BY: DANIEL KORN
A couple months ago, I wrote about the war on drugs. After looking at some data, I concluded that treatment programs were both a more cost-effective and long-term tool for curbing drug addiction than police crackdowns and excessive incarceration. To follow up on this, it’s valuable to take a closer look at what happens when this method is put into practice.
On July 1, 2001, the government of Portugal instated a law that decriminalized all drugs—from relatively harmless intoxicants like cannabis to harder stuff like cocaine and heroin. For many people, this is a nightmare scenario—they assumed this would make “drug tourism” run rampant through the country, or that usage rates would increase drastically among the youth. Almost 15 years later, the results are exactly the opposite.
It’s important to first note that the drugs have been “decriminalized” rather than “legalized.” This is a critical distinction—it means that possession, distribution, and use is still illegal. Distribution is tried in a criminal court like it is now, but offences involving the other two are now moved into a special court where, according an article on The Business Insider, “each offender’s unique situation is judged by legal experts, psychologists, and social workers” to determine the proper form of treatment. An anecdote from Johann Hari of Yes! Magazine mentions some of the methods used—providing users with secure housing and subsidized jobs, offering clinics that help users get more in touch with their feelings, and even giving a group of addicts a loan to start a moving company.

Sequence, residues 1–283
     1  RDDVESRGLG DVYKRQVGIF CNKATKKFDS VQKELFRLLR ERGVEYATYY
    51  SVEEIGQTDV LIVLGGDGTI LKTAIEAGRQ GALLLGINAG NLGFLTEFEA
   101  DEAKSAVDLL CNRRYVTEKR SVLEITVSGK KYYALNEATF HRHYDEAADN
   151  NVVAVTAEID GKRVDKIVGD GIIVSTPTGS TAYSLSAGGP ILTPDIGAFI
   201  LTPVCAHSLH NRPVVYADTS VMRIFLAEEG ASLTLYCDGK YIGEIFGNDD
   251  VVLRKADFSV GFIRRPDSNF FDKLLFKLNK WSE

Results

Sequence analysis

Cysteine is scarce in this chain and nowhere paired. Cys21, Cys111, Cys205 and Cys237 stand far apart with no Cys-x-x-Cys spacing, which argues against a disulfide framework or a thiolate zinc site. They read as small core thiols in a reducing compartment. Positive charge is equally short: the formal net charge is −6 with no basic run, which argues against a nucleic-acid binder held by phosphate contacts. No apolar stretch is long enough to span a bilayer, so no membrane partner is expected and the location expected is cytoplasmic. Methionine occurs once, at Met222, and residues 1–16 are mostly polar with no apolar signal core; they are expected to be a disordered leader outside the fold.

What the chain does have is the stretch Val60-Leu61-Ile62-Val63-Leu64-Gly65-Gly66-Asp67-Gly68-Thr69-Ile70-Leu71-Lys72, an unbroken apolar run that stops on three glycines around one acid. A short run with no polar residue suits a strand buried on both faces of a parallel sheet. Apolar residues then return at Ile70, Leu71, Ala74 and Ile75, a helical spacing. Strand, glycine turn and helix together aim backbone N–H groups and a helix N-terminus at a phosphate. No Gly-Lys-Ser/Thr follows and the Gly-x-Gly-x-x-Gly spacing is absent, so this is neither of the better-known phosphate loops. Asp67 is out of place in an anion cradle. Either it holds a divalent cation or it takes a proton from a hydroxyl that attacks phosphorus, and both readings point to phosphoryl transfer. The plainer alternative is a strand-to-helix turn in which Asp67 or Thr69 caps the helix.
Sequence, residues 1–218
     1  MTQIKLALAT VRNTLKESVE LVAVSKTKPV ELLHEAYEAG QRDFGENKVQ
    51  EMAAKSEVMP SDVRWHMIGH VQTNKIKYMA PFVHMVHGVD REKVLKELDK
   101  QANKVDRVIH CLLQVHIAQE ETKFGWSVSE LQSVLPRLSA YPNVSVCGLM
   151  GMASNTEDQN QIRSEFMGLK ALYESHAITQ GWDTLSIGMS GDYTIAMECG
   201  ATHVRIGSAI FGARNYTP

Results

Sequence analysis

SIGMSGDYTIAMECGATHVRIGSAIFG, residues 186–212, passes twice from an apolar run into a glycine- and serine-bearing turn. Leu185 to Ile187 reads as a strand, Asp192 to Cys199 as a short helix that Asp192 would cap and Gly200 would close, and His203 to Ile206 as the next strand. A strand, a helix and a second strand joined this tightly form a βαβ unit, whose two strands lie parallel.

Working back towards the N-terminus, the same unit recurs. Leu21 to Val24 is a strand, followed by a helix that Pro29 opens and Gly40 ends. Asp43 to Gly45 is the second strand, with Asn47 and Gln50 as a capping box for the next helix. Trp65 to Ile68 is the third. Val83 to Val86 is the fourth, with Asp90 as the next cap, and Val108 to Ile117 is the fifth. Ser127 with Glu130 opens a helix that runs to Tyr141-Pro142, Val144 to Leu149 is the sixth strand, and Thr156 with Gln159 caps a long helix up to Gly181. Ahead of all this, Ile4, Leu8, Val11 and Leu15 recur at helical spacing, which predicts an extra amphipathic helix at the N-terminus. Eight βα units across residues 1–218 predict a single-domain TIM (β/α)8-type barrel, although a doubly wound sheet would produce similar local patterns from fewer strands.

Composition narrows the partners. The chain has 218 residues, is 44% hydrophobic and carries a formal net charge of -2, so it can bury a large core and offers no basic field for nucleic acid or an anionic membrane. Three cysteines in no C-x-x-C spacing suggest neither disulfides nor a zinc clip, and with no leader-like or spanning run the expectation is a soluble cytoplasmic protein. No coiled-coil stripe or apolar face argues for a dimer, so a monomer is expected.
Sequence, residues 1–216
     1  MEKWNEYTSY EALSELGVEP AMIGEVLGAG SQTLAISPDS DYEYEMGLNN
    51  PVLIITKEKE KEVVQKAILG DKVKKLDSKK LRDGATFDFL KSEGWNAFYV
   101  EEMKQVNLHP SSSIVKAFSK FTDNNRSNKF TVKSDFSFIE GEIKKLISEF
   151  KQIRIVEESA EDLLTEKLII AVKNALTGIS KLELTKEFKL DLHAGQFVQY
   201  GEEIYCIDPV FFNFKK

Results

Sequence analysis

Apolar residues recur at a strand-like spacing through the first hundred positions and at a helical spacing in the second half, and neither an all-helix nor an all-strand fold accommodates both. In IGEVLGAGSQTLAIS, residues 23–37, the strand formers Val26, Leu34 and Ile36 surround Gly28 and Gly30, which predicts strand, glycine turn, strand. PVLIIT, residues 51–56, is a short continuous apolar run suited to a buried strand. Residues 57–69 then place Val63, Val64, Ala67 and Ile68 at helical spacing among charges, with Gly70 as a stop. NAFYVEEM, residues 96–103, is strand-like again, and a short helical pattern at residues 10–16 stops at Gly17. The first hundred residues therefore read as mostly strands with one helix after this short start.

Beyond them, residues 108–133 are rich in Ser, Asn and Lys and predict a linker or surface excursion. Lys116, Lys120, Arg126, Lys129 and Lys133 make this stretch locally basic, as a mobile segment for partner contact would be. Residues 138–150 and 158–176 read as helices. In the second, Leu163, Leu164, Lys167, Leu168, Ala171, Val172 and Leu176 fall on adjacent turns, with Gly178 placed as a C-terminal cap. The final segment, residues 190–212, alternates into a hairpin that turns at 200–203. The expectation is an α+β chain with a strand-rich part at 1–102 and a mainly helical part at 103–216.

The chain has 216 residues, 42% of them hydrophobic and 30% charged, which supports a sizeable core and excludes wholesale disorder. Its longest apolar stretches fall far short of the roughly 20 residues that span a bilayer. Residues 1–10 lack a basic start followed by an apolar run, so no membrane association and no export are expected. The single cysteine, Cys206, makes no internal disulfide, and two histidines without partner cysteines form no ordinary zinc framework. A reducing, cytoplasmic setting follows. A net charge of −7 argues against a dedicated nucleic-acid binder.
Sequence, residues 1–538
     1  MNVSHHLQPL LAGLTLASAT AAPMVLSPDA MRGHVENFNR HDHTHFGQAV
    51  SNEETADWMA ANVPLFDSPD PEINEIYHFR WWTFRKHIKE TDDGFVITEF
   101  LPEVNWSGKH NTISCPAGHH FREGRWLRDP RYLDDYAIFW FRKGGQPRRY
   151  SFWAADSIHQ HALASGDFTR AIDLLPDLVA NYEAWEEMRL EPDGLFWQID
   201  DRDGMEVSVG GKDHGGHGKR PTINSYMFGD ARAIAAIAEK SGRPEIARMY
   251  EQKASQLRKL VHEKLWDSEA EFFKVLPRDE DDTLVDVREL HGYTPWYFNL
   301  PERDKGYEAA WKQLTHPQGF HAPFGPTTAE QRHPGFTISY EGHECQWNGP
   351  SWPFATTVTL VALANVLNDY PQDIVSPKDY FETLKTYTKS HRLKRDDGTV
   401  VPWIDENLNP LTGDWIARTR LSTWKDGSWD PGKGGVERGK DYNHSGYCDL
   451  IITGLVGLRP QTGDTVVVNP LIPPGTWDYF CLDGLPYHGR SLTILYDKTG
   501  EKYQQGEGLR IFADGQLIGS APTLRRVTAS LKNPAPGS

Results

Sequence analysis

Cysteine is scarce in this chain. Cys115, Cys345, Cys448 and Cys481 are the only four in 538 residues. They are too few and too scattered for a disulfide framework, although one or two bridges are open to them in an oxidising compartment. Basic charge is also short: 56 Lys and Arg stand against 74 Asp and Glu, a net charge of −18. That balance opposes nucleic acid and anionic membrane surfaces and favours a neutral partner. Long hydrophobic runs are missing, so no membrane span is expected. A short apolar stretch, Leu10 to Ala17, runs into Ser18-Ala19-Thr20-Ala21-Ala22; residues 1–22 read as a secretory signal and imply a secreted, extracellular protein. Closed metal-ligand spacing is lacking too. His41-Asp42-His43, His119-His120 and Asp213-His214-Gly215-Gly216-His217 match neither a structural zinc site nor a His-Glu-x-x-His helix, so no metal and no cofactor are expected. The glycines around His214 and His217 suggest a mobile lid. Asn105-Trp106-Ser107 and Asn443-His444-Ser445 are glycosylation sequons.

As a result, an independent study by the Cato Institute found that a country that once had 1% of its population addicted to drugs has seen a 50 per cent decrease in drug abuse, from 100,000 people in 2001 to just 40,000 people today, who are currently in treatment. Portugal’s drug usage rates have fallen to become one of the lowest in the entire European Union. As an added bonus, drug-related illnesses such as STIs and deaths from overdose have “decreased dramatically.” Other than some political parties on the far right, the country is united in believing the experiment to be a resounding success.
The fact that this method of dealing with habitual drug users has proven to be successful has lead Spain and Italy to follow Portugal’s example. There’s no word on when this sort of policy will be instituted in North America, but one assumes that it will be later rather than sooner, likely to our detriment.